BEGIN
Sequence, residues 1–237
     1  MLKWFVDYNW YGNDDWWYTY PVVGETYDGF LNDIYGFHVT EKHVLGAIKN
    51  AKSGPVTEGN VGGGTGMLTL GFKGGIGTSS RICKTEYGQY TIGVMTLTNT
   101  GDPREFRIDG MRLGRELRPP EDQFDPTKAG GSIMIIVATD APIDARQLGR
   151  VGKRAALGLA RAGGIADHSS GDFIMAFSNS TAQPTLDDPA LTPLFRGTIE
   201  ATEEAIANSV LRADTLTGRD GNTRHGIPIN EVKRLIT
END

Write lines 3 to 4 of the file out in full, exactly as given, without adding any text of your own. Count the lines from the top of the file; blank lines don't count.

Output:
    51  AKSGPVTEGN VGGGTGMLTL GFKGGIGTSS RICKTEYGQY TIGVMTLTNT
   101  GDPREFRIDG MRLGRELRPP EDQFDPTKAG GSIMIIVATD APIDARQLGR